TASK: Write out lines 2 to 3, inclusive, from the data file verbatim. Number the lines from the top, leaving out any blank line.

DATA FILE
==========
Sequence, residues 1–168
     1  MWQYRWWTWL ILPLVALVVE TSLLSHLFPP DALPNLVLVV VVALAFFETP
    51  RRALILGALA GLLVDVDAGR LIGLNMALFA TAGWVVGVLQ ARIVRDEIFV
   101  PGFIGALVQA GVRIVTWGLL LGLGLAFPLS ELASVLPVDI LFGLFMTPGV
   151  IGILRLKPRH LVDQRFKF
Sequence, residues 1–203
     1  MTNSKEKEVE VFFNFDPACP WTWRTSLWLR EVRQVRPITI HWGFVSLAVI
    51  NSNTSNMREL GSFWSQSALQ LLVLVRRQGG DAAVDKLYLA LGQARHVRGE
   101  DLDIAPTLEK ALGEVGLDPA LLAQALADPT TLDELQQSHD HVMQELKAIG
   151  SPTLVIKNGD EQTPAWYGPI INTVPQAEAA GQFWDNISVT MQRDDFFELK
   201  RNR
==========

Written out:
     1  MWQYRWWTWL ILPLVALVVE TSLLSHLFPP DALPNLVLVV VVALAFFETP
    51  RRALILGALA GLLVDVDAGR LIGLNMALFA TAGWVVGVLQ ARIVRDEIFV